org/oclc/1227801).: Office of the Chief of Military History. Now it concluded that the Japanese position was over-extended. Sydney: Allen & Unwin. (2004). On Shaggy Ridge.worldcat. and had continued to plan offensives in the South West Pacific. ISBN 0522844626. org/ geohack/ geohack. OCLC  26195398 (http://www. General Kenney Reports: A Personal History of the Pacific War (http://www.Landing at Nadzab Buna–Gona as setbacks only. D. The Chemical Warfare Service: Chemicals in Combat. OCLC  62058889 (http://www. ed.worldcat. Airfield and Base Development.: Office of the Chief of Military History. Washington. positions beyond that line would be held as an outpost line. ISBN 1-86448-734-8. Hugh J. OCLC  223952146 (http://www.worldcat. wmflabs. Engineers of the Southwest Pacific. South Melbourne. ISSN  6274 0729 6274 (http://www.worldcat. retrieved 20 February 2009 • Kleber. Washington. the Caroline Islands and the Mariana Islands.C. David (1998). NAA (Vic): MP742/1 94/1/450 [37] Reconquest. Switzerland: Hirsch Publishing. OCLC  39291537 (http://www. New York City: • Kenney. OCLC  747879654 ( • Horner. ISBN 0-912799-44-7.. The Australian 7th Division in the Ramu Valley: From Kaiapit to the Finisterre • Kelly. "Tragedy at Jackson’s Strip". Phillip (2003). AWM54 589/5/3 [17] GHQ Operational Instruction No. Nadzab (1943): The First Successful Airborne operation (http://etd. • Bradley. ISBN 978-3-033-01717-7. OCLC  220327037 (http://www. The War in the Pacific: CARTWHEEL: The Reduction of Rabaul. General Vasey's War. Melbourne University oclc/2028994) • Zurich. pp. Australia in the War of 1939–1945. Canberra: Australian War Memorial. Wartime (Canberra: Australian War Memorial) (23): 31–33. 8 August 1943. Department of the Army.worldcat. Dale (1966).org/oclc/26195398) • Horner. 12 References • Bradley.: United States Government Printing Office. Kelly. OCLC  1227801 (http://www.pdf). (1951) 220327037) • Dexter. The New Guinea Offensives (http://hucandgabetbooks. OCLC  1355535 (http://www. David (1992).worldcat. php?pagename=Landing_at_Nadzab& params=6_33_S_146_42_E_ [7] GHQ Warning Instruction No. Robert H. Brooks E. Phillip (2004).. Allied Air Transport Operations in the South West Pacific Area in WWII. Henceforth. but only with holding on as long as possible so as to delay the Allied advance. General Imamura was now charged not with winning a decisive victory.pdf).edu/docs/ available/etd-11022004-201139/unrestricted/Lowe_thesis.blogspot. Victoria: Oxford University Press. • . 3 September 1943.worldcat. Birdsell. 34/5.C. D. Volume II: 1943 – Year of Expansion and Consolidation.worldcat. OCLC  224699549 (http://www. Series 1 – Army.[54] 12 Notes [1] http:/ / tools. p. Sloan and Pearce. Washington. George new-guinea-offensives-by-david-dexter. ISBN 978-0-19-555359-8.hq. airforcehistory.worldcat.worldcat.html) (PDF (Table of contents only)). John (2011). AWM54 589/5/3 [20] "Defects in 25 pdr light guns". (1949). David (1961). org/oclc/62058889) • Lowe. Commando Kayak: The role of the folboat in the Pacific War. ISBN 0-646-45837-X. (2006). retrieved 25 February 2009 • Miller. Queensland: Robert H. Jr (1959). OCLC  2028994 (http://www. 29–30 [52] Reconquest.worldcat. Department of the Army. A new defensive line was drawn running through Western New Guinea. James P. Blamey : The Commander-in-Chief. Buderim. 2.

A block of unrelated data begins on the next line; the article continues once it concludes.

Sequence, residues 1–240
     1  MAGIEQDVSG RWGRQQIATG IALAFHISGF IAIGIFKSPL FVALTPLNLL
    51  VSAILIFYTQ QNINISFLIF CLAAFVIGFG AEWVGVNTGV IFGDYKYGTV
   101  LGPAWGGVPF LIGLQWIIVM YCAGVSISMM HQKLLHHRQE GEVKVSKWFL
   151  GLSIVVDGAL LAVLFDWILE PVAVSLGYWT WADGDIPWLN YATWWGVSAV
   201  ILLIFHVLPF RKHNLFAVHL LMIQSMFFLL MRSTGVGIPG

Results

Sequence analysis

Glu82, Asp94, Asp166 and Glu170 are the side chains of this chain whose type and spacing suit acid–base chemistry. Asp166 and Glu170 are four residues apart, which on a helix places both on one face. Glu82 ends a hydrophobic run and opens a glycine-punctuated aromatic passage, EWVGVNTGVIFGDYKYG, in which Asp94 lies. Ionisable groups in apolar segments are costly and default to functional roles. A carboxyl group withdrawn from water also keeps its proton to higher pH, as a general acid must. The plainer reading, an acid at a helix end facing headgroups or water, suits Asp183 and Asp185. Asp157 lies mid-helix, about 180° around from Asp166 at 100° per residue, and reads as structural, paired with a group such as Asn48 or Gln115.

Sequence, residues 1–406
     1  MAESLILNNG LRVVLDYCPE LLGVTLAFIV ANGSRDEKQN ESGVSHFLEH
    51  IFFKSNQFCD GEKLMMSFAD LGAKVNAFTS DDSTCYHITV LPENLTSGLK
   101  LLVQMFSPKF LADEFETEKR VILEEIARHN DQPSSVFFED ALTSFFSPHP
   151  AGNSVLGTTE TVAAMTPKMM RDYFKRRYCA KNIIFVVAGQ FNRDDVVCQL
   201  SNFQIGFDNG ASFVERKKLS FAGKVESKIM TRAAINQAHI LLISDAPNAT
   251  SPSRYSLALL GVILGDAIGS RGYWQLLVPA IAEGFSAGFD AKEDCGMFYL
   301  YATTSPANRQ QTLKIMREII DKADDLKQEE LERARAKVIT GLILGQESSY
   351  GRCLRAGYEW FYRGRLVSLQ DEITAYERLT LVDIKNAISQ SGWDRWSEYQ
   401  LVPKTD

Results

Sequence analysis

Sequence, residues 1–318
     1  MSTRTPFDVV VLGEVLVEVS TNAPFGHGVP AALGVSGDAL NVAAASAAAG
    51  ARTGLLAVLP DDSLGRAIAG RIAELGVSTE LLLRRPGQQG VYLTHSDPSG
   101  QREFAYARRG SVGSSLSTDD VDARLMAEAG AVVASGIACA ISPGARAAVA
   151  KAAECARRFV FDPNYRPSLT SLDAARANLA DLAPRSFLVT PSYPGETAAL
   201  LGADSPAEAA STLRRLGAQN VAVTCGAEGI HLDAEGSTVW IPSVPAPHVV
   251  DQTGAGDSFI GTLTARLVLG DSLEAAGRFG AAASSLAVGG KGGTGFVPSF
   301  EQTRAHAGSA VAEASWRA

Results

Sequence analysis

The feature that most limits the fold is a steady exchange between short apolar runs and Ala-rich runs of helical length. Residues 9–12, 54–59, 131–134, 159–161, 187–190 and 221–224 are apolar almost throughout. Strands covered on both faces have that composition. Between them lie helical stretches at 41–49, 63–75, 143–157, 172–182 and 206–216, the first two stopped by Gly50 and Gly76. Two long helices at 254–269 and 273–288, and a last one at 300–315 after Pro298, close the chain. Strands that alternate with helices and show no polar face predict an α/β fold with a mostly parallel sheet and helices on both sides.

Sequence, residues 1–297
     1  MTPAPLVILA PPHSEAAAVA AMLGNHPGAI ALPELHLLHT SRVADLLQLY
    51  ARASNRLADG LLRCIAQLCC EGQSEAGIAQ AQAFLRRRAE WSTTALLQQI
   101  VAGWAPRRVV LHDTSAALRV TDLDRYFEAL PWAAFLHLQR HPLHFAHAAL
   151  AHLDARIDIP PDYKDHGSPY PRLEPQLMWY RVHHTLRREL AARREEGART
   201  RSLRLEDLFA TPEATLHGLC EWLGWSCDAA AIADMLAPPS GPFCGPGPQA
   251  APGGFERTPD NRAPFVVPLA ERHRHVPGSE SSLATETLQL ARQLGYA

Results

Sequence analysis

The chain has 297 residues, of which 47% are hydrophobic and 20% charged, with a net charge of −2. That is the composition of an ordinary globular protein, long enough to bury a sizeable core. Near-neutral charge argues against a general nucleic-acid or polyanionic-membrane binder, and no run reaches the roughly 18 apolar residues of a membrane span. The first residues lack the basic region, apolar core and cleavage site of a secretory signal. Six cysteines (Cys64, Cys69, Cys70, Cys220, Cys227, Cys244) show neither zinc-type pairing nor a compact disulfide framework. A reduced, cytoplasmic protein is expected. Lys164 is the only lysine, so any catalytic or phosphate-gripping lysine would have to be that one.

Finschhafen. Department of the Army. OCLC  221284976 (http://www. "Japanese air operations over New Guinea during the Second World War" (http:// on YouTube . Louis (1962).asp?levelID=67923). Markham and Ramu Valleys.htm).au/histories/second_world_war/ volume.worldcat. (1957).: Office of the Chief of Military History.worldcat. D.worldcat. Reconquest : an official record of the Australian army's successes in the offensives against Lae. Retrieved 6 November 2011. OCLC  1355622 (http://www. Australian Military Forces. 13 • • • • External links • 503rd Jump at Nadzab. September 1943 – June 1944. Journal of the Australian War Memorial (Australian War Memorial) (34).gov. OCLC  1293257 ( Australia in the War of 1939–1945 Series 5 – Medical (Canberra: Australian War Memorial) "This Island Campaigns" (http://www. Hiroyuki (June 2001). 1943 (https://www. Allan S. retrieved 5 March 2009 Walker. The War in the Pacific: Strategy and Command: The First Two Years. Washington. Melbourne: Director General of Public Relations.Landing at Nadzab oclc/1355535) oclc/1355622) Shindo.

Nick-D. MuXXo.php?title=File:Markham_River_Crossing.php?title=File:Short_25pdr. 17 anonymous edits Image Sources.jpg  Source: https://en. Karanacs. File:US flag 48 stars.jpg  Source: https://en. Ulric1313. Frietjes. 6 anonymous edits File:Flag of Rock4arolla. Spinner145.jpg  License: Public Domain  Contributors: US Army.php?  License: Public Domain  Contributors: User:NuclearWarfare File:C-47 transport planes loaded for File:Nadzab and File:Jacksons Strip.php?title=File:US_flag_48_stars. Tkgd2007. Izraías. Cycn. Timmay911. The ed17. File:2-4-FA regt in C-47. Ozistry.svg  Source: https://en. Piledhigheranddeeper. Ktr101. Wavelength. Rjwilmsi.wikipedia. Mifter File:Merchant flag of Japan (1870). Thejackruark. Aeonx. Licenses and Contributors File:Awm 128387  License: Public Domain  Contributors: kahusi .wikipedia.php?  License: Public Domain  Contributors: Unknown License Creative Commons Attribution-Share Alike 3.wikipedia. Newm30.wikipedia. Joe N.jpg  Source: Jacobolus.php?oldid=571692476  Contributors: Abraham. Original uploader was Grant65 at en. Another Believer. Colonies Chris. Dimadick.jpg  Source: https://en.0 Unported //creativecommons. Saberwyn.  Source: https://en. Brighterorange. Hugo999. Homo lupus. NuclearWarfare.jpg  Source: https://en.php?title=File:Nadzab_and_Lae. Clindberg.svg  Source: https://en.jpg  License: Public Domain  Contributors: Colin Thomas Halmarick File:Markham River Crossing. Sadads. B.jpg  Source: https://en.php?title=File:Lae_AWM015783. Hawkeye7.php?title=File:Awm_128387_nadzab. Bjenks.wikipedia. AnonMoos..wikipedia.php?title=File:2-4-FA_regt_in_C-47. R'n' File:Elkton Plan.jpg  Source: https://en.jpg  License: Public Domain  Contributors: US Army. Later version(s) were uploaded by Miami33139 at en.wikipedia. Anotherclown. Awickert. Von Altringen.svg  License: Public Domain  Contributors: Abjiklam. Dual Flargman4. Peter Horn.jpg  Source: https://en. Bencherlite.jpg  License: Public Domain  Contributors: US Army.jpg  Source: https://en. John of Reading.S.jpg  License: Public Domain  Contributors: Unknown File:Lae AWM015783. Discospinster.php?title=File:Flag_of_Australia.0/ .org/w/index.php? LittleWink.wikipedia.Article Sources and Contributors 14 Article Sources and Contributors Landing at Nadzab  Source: https://en.jpg  License: Public Domain  Contributors: Unknown Original uploader was Hawkeye7 at File:Short 25pdr. Rocket000. LilHelpa. Zscout370. AustralianRupert.jpg  License: Public Domain  Contributors: US Army Center for Military History. Orderinchaos.svg  License: Public Domain  Contributors: Anomie.wikipedia.php?title=File:Merchant_flag_of_Japan_(1870). Original uploader was Hawkeye7 at en. Roger Davies. Hmains.wikipedia. Wiki13.